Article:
Make a list of rain adjectives or similes under the title ‘Rain is'(particularly after spending time in the rain) – choose one and paint a picture to illustrate the description.
Look in a large puddle. What do you see? Can you try to draw/paint it?
And that’s just the art – the possibilities for other areas of learning is endless. Perhaps you’d like to use my pictures as a springboard for an extended rain project? I’d love to see the results if you do.
It was party time again recently and this time my six-year-old chose a Minion theme. On arrival they were given a Minion hat made from a builders hat with a pair of cardboard goggles attached.
Minions love bananas, so they had to be on the menu. My eight-year-old decorated each banana to look like a Minion.
My six-year-old did the same with the cheese sticks.
I found Minion shaped fruit snacks and we had a selection of fruits and snacks.
It was all topped off with a Minion beach party cake.
Whilst we were waiting for guests to arrive, I printed colouring sheets for the children. My daughter had requested cookie decorating, so we decorated mandolins ( a perfect shape for a minion) with blue and yellow icing, black icing to add detail and edible eyes to make a Minion cookie.
I laid out pictures of Minions and gave each child a piece of yellow and blue polymer clay to make Minions. They added black and white for the eyes. I love how they turned out and that they were all so different.
Pin the hat on the Minion
This was a pre-bought game and acted as a good time filler while I laid out the food.
Pass the parcel
A Minion themed gift was wrapped and then covered in multiple layers. The parcel is passed around a circle to music and each time the music stops a layer is unwrapped. In previous parcels we had an activity to complete in each layer but this time I simple placed a lollipop in each layer. The person to unwrap the last layer, gets to keep the gift.
A variation of musical chairs. Lay out the same number of laminated pictures of bananas on the floor as there are children. The children dance and move around the room and one banana is taken away. When the music stops everyone runs to collect a banana and the child left without one is out (but gets a treat as consolation). The last child left in wins a prize.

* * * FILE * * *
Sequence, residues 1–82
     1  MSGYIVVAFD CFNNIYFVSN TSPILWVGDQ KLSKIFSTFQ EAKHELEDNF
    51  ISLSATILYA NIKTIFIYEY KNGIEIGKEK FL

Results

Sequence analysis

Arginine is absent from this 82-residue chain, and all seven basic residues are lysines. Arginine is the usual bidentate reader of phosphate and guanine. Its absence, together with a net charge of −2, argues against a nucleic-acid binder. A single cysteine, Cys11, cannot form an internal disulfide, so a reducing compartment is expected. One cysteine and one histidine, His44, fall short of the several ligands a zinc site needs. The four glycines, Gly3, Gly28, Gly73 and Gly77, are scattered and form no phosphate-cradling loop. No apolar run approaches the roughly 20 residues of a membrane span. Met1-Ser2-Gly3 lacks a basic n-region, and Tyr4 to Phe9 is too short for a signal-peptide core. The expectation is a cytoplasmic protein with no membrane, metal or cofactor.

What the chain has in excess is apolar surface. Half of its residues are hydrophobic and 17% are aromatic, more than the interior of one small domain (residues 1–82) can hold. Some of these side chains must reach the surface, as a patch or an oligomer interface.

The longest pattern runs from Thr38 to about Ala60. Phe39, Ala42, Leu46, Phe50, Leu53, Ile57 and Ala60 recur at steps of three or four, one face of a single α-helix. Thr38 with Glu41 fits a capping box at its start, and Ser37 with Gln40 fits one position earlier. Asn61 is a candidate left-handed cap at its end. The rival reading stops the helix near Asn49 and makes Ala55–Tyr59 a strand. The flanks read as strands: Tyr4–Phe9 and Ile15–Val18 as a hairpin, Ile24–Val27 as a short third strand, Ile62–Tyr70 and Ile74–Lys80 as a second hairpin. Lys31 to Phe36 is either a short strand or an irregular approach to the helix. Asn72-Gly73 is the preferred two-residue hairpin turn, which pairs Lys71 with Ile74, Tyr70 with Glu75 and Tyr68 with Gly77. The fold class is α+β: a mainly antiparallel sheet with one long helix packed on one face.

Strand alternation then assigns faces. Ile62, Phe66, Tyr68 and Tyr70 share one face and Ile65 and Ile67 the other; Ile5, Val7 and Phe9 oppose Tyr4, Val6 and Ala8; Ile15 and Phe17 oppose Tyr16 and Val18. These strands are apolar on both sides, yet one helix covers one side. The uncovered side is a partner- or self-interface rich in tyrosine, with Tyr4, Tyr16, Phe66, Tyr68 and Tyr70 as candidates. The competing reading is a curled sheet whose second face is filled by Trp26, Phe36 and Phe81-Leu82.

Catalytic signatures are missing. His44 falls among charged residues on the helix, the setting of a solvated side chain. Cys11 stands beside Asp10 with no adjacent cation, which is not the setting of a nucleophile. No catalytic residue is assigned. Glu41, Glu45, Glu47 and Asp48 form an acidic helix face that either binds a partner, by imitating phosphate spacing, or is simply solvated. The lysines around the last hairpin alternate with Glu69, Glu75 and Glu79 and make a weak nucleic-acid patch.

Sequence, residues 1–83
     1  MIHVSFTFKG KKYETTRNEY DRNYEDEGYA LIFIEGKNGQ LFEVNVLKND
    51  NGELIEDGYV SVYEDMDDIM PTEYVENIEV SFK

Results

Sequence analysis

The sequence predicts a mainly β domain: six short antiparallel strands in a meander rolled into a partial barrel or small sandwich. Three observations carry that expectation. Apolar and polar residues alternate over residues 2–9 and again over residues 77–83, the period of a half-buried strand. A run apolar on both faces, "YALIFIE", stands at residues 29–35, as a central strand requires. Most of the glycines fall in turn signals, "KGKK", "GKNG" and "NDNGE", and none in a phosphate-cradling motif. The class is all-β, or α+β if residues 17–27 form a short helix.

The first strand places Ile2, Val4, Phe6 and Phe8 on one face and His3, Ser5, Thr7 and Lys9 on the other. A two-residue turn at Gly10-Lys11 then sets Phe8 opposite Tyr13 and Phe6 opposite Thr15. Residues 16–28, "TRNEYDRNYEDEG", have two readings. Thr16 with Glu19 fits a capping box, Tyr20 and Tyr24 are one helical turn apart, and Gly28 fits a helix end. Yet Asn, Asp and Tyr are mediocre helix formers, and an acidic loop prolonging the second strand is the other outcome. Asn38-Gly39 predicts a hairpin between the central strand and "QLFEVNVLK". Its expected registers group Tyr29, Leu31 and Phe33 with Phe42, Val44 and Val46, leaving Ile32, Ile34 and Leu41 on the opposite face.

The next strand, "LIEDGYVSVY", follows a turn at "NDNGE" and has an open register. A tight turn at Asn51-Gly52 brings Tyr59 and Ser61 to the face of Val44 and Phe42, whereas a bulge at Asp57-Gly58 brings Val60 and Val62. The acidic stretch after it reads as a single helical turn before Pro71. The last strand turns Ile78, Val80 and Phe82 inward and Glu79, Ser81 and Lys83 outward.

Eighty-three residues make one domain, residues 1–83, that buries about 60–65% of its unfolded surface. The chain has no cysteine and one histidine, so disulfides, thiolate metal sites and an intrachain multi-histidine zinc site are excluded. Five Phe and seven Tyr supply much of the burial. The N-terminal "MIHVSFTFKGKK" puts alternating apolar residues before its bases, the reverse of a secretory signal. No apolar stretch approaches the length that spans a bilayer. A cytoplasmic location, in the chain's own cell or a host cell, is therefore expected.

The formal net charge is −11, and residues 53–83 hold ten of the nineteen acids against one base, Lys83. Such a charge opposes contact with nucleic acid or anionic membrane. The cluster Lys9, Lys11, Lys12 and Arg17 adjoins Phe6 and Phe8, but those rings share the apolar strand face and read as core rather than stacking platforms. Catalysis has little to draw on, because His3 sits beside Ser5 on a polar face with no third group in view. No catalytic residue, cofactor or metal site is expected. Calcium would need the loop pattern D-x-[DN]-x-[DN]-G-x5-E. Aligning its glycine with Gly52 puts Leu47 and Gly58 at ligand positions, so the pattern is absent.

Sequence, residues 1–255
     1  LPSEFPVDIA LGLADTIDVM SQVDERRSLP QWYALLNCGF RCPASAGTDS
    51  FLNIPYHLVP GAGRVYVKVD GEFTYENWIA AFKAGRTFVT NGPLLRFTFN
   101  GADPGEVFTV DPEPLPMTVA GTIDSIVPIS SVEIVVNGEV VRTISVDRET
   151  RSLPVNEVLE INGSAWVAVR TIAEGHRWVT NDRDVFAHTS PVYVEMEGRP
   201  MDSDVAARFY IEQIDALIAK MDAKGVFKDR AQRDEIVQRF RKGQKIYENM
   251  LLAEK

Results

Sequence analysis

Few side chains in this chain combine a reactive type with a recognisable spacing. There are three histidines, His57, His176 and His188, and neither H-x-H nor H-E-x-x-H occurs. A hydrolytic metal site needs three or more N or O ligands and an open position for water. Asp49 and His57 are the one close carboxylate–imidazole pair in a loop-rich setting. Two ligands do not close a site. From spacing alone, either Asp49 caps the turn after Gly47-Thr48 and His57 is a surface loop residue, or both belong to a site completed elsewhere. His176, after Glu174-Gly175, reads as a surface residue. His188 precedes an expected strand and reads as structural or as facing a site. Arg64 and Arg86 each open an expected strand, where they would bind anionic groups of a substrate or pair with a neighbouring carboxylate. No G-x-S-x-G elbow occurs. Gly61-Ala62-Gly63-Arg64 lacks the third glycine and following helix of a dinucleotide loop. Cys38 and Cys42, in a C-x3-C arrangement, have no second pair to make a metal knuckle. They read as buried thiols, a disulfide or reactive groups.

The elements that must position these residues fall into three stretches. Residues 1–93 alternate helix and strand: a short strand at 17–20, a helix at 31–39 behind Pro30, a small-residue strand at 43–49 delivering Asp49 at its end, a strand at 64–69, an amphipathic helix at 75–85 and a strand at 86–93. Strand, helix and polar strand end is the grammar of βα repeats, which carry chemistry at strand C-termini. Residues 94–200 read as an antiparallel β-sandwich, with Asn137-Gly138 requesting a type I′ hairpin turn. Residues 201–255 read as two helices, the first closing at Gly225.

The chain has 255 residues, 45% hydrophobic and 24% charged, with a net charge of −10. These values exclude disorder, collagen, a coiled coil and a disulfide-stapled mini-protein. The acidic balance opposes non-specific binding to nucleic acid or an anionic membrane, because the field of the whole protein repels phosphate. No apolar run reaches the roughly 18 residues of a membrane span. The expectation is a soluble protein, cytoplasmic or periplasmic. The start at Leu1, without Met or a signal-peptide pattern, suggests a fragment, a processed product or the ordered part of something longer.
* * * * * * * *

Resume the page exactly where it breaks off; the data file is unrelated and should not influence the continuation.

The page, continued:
Balance a banana on your head and walk to the other side of the room. Complete it successfully and win a prize. This was a big favourite. We ran out of time for more games but below are a few more banana games you may like to try.
Race to peel a banana wearing a pair of gloves
Hide bananas for a banana themed treasure hunt.
Stick pictures of bananas to a blow up palm tree and hold it high. Jump up and pick as many bananas as you can in a given time frame.
December’s Art project with Kindergarten and 2nd Grade was a still life Poinsettia using oil pastel. The Kindergarteners had only used chalk pastel up until now, so our first lesson introduced them to oil pastel techniques.
The children were given a selection of oil pastels and a piece of paper and asked to try them out and think about how they might be different to the chalk pastels we used in the previous session.
Here are some of their observations.
The colours are brighter and you can press harder.
When you press hard it gets softer and easier to mix
They are like crayons
It didn’t blend across the colours like the chalk pastels but it worked when you put one colour on top of another.
You can blend chalk pastel with your finger. You can still blend with oil pastel but it is harder.
I can add white to blue to make light blue.
I showed them how to blend the pastels using baby oil and a Q-tip/cotton bud. the children practised making pictures using the blending technique.
I can colour just a little bit with oil pasteland then use the oil on my Q tip to fill in the rest – it makes a lighter color.
It looks like paint when we add oil to the pastels, it makes it smoother
You can use the Q tip like a paint brush
If you use too much oil it rubs the color away.You need just a little bit to blend.
I gave them another piece of paper and they drew around their hand using pencil. They then coloured the hand in stripes using the oil pastels. The colours were blended using oil. We painted the background with liquid water-colour. They thought it was very cool that the pastels repelled the paint.